The Coventry City defender, David Busst, has taken the first steps on the long road to recovery after suffering a horrific leg injury against Manchester United six months ago.
Busst, whose right leg was shattered 89 seconds into the match at Old Trafford, has started physiotherapy after undergoing 14 operations.
Yet Busst is sanguine about the career-threatening injury. "The specialist told me if it had happened 20 years ago I would have probably lost my leg. Quite simply, the technology would not have been around in those days to cope with the problem."
Busst has had his leg rebuilt by a plastic surgeon and is confident he will be able to play again, with April pencilled in for a return to training.
"I knew I'd broken my leg but didn't know how bad it was. Even now I can't bring myself to look at the incident on video or photographs.
"The plastic surgeon had to rebuild my leg to cover the hole where the bone had come out. They had to cut away a lot of skin which had been embedded with all the artificial stuff used on a football pitch, to avoid infection."
Busst says he has never lost the belief he will eventually play again. "I am an optimist," he said. "I don't think 'maybe it won't turn out for the best'. Football is in my blood and I just want to get back to fitness and playing again.
"But I'm told the bone will actually be stronger than before as the metal pin inserted will stay there for life and will take all the weight between the ankle and the knee."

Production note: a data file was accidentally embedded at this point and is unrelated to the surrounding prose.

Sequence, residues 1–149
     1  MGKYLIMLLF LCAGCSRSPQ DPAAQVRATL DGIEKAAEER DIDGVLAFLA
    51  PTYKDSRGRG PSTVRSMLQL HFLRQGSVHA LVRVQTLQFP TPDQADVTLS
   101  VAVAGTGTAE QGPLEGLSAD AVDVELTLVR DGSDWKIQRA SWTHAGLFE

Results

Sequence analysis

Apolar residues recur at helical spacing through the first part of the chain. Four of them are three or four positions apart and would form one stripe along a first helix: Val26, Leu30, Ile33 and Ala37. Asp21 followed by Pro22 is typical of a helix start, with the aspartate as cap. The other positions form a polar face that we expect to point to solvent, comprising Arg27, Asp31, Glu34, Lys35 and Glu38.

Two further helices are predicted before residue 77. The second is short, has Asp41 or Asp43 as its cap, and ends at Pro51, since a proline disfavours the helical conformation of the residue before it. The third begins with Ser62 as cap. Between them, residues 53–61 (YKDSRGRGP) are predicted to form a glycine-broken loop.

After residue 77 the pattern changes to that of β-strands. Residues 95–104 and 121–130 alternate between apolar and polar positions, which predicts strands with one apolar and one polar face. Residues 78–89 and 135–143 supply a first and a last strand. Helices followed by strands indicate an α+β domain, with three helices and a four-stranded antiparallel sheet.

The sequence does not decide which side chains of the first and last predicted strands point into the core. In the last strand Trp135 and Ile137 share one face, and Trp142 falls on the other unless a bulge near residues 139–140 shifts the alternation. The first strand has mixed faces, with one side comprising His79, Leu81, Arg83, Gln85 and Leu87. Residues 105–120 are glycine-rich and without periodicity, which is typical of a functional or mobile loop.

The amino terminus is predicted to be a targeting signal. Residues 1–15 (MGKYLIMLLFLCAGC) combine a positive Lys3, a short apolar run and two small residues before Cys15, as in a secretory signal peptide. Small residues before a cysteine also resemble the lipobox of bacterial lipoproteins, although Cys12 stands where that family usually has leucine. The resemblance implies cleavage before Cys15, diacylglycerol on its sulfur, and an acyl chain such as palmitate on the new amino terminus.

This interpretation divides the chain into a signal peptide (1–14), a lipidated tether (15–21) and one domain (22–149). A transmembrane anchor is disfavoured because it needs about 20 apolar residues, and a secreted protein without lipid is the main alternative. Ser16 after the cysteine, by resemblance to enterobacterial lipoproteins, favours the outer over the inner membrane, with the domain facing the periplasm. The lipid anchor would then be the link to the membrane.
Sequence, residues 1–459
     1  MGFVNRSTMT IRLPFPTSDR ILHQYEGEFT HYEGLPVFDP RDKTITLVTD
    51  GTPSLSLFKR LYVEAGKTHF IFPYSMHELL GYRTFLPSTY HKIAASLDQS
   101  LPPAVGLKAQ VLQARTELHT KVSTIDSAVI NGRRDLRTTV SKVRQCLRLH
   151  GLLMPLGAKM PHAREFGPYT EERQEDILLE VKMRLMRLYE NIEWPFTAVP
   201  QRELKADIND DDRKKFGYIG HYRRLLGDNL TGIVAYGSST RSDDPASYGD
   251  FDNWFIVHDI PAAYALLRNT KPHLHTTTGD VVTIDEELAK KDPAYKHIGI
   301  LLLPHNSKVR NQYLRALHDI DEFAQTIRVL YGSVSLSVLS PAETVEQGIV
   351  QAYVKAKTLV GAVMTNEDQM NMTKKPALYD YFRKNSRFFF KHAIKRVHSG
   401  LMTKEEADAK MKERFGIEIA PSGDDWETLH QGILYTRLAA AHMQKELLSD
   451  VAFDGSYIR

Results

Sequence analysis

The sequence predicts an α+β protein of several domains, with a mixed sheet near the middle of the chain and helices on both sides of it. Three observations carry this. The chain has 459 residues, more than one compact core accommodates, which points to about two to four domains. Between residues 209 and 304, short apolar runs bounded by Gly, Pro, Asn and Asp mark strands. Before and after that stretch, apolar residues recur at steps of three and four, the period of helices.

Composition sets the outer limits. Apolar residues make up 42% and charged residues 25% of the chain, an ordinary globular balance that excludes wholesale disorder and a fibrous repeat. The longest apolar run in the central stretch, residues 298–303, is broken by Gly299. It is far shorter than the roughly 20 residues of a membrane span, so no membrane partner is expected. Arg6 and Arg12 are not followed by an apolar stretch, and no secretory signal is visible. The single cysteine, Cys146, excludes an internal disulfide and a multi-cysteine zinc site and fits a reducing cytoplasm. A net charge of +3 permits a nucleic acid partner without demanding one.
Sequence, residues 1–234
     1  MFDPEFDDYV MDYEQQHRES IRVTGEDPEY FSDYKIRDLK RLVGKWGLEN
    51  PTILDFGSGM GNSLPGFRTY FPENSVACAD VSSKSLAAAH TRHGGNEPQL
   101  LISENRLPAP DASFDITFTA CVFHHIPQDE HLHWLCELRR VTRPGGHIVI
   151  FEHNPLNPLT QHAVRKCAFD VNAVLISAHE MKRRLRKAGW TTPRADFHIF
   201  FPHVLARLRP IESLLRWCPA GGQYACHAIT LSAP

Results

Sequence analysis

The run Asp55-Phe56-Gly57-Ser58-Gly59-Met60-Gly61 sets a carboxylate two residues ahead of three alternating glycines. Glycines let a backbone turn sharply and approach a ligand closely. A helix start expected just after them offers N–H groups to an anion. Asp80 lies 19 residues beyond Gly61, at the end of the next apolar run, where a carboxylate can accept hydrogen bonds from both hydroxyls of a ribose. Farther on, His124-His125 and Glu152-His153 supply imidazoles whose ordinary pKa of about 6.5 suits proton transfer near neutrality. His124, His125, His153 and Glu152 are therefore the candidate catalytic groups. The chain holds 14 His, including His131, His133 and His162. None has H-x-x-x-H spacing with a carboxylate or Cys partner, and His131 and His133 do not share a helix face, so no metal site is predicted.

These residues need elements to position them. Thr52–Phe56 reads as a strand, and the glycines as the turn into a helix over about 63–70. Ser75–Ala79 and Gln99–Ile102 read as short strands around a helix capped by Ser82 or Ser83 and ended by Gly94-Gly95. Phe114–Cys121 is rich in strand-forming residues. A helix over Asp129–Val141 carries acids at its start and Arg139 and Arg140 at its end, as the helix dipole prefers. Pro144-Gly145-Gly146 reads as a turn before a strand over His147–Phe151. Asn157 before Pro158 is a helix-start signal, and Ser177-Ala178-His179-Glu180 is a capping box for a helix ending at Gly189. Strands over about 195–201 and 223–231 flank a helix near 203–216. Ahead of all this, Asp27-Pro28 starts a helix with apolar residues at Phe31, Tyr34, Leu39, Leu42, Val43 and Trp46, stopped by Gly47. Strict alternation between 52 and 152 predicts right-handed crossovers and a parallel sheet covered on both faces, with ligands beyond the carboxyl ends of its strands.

Another player recovering from an appalling injury is the Wolves striker, Don Goodman, who has revealed that he risked death to save his career after fracturing his skull six months ago. Goodman would have had to quit the game without surgery, but has admitted that the nature of operation could have put his life at risk.
The gamble paid off for the player who scored 20 goals last season before sustaining the injury in a collision with Huddersfield Town's Steve Jenkins.
The 30-year-old Goodman has played for the reserves wearing headgear and can play without the need for protection after 27 October.
Goodman said: "I don't want to over dramatise it, but the risk of death was there if I had an operation. But the skull had to be elevated and if it wasn't operated on then I wouldn't have been able to head a ball again."
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